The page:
Category Archives: Real Estate Disputes

Argyle votes no on proposed zoning change

The residents of Argyle, Texas, have spoken – sort of. When a much needed supermarket interfered with zoning laws, the community said more no than yes. Not that the issue is closed by any means and neither is the zoning dispute. The town is in dire need of a supermarket.

While the project has the potential to bring the area many benefits, it will also bring jobs and a push to a sluggish economy. Then why did so many Argyle residents storm out of the town meeting called to push this proposal through?

With a vote of 6-1, the result seemed inevitable, but when town commissioners announced the deciding numbers, the residents made it clear they weren’t happy.

Some town dwellers claim that while the grocery store is a necessity, the location is less than stellar. Planned to be at the intersection of Country Club Drive and Highway 77, most vocal in their complaints felt the project would spark new problems for the area.

While the Zoning Commission chairperson felt it was in keeping with the town’s future plans, and that development will bring bountiful advantages to the town, residents’ worry that the location is a poor chance as it will sit right across from Hilltop Elementary School. This will increase the nightmare already present with traffic.

A grocery chain is proposing a massive store inside the town center, and it’s development partner is located right behind the existing retail center. The move is already predicting between 60 to 80 new jobs.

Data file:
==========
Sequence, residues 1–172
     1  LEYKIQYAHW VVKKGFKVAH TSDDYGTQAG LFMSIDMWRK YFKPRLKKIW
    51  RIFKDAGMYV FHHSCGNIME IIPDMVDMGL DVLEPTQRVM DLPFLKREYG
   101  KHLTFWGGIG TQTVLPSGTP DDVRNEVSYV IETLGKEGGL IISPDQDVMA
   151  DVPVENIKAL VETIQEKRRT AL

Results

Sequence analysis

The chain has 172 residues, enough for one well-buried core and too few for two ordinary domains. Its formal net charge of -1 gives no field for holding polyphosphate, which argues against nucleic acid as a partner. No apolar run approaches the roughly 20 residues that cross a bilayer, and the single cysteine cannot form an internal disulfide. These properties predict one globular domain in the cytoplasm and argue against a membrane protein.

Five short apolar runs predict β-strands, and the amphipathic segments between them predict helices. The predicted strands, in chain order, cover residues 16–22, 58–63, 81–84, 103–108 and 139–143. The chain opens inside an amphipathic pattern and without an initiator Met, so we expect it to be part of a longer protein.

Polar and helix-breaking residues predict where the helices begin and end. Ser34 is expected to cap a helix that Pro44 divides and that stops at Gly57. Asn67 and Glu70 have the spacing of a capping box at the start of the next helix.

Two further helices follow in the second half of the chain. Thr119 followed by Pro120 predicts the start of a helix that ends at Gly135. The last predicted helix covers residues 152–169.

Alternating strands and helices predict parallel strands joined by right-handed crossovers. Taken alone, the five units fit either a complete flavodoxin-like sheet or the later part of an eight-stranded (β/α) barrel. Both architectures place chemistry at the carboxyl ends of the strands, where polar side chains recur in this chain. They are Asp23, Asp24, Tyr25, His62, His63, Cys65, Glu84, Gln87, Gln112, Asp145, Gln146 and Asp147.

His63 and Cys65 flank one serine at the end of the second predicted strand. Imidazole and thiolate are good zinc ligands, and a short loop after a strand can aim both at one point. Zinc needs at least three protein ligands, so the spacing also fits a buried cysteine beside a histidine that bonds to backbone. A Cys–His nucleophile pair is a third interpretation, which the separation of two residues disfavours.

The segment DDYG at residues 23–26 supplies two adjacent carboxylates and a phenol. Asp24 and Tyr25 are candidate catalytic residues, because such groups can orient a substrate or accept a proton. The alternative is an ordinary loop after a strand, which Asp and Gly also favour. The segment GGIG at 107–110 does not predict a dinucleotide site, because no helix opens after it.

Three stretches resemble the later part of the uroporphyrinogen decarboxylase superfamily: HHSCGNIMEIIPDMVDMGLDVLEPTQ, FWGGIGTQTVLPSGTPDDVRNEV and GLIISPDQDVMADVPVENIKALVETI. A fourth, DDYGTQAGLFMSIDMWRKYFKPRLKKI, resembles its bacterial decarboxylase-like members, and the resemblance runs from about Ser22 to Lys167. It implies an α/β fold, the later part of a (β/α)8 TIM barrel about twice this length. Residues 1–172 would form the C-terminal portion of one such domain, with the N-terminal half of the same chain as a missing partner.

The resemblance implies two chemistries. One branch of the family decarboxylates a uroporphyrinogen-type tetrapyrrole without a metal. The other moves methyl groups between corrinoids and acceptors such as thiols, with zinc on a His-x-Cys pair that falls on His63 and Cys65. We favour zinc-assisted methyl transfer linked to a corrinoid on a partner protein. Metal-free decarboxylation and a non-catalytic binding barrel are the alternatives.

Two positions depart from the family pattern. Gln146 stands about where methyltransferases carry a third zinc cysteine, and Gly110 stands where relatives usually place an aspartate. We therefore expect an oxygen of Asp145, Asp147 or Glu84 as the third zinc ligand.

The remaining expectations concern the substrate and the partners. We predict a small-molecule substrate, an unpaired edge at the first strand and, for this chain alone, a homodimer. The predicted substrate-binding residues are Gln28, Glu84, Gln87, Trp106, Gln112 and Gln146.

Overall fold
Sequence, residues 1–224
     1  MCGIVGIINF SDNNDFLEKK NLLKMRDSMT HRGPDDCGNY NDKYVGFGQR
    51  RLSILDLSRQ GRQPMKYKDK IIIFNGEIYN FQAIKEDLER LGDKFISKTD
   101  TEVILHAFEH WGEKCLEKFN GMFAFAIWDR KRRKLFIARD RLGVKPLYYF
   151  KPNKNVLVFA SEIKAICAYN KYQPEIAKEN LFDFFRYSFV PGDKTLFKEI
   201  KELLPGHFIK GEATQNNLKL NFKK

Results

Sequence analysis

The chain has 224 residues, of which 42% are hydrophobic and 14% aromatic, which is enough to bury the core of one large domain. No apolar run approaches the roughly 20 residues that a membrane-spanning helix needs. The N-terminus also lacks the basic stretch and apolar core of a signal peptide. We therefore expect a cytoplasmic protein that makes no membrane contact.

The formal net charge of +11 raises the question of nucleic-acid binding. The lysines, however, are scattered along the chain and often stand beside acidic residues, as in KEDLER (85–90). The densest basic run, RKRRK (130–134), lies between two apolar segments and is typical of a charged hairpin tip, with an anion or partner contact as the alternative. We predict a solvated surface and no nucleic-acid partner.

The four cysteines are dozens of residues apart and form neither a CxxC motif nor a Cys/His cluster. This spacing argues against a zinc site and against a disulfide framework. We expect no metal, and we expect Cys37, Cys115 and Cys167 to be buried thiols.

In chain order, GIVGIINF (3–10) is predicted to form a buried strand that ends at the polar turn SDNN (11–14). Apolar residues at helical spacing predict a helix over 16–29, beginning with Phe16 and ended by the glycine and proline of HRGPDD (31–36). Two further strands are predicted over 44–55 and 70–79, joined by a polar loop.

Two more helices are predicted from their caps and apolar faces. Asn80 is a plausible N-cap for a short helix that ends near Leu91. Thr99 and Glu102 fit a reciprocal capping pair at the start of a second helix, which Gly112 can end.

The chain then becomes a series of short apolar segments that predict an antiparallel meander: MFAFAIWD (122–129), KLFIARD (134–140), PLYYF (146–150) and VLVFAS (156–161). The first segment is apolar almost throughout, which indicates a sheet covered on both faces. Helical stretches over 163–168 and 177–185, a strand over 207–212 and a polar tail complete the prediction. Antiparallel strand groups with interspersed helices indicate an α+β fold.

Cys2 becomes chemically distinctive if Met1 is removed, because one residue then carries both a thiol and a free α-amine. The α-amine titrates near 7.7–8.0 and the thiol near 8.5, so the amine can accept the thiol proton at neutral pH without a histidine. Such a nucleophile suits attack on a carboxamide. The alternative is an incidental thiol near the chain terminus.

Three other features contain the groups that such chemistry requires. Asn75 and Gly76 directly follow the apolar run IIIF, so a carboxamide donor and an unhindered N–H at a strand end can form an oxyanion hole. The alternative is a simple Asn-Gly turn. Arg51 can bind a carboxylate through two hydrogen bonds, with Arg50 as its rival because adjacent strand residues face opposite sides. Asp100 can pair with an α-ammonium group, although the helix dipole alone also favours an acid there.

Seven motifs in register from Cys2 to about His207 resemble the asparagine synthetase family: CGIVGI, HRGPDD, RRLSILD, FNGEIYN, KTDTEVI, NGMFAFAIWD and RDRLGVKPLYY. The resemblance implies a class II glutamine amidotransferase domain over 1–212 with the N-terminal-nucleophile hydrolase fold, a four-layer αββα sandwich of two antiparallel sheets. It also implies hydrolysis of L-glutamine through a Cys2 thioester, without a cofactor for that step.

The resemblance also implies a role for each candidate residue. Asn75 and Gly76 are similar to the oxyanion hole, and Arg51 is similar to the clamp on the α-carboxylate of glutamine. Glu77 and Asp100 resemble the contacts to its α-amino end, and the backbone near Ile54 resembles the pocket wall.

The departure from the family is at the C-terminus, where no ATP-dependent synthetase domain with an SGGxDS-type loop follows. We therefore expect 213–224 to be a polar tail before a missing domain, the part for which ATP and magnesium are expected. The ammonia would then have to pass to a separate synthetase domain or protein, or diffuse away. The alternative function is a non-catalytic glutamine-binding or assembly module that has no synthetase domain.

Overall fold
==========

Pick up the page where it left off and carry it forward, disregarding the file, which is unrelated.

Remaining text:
While everyone agrees that traffic is a growing concern, planning officials blame it on growing pains. Proponents of the plan say the commission did a poor job of communicating such a zoning change to the community.

One parent says that if the vote goes before the city council later this month, they will have an altercation on their hands. As that date rapidly approaches, the citizens can only hope that some of their concerns may be addressed.

The town of Argyle is like any town in American, where laws and zoning issues come into play. Sometimes, they are due to hidden agendas at city halls, but other times, they are there for the purpose of making of healthy and safe conditions for the communities’ citizens.

Source:Denton Record-Chronicle, “Proposed development near school prompts concerns in Argyle” John D. Harden, Jan. 08, 2014

Rezoning proposal for package store gets unanimous denial

When you buy a piece of property, you don’t have a crystal ball to tell you that you might one day decide to build a store on it, or a bar, or maybe even a daycare. So while the zoning in the area might be fine when you purchase the property, what happens if you want to use the property later for something else and it is not zoned for your purpose? You have to submit a proposal to have your property rezoned, and it is not easy. Zoning issues can be complex. There are zoning laws that must be followed. Your best bet is to have a good attorney who knows the zoning laws and can represent you in hearings before the government agency if necessary.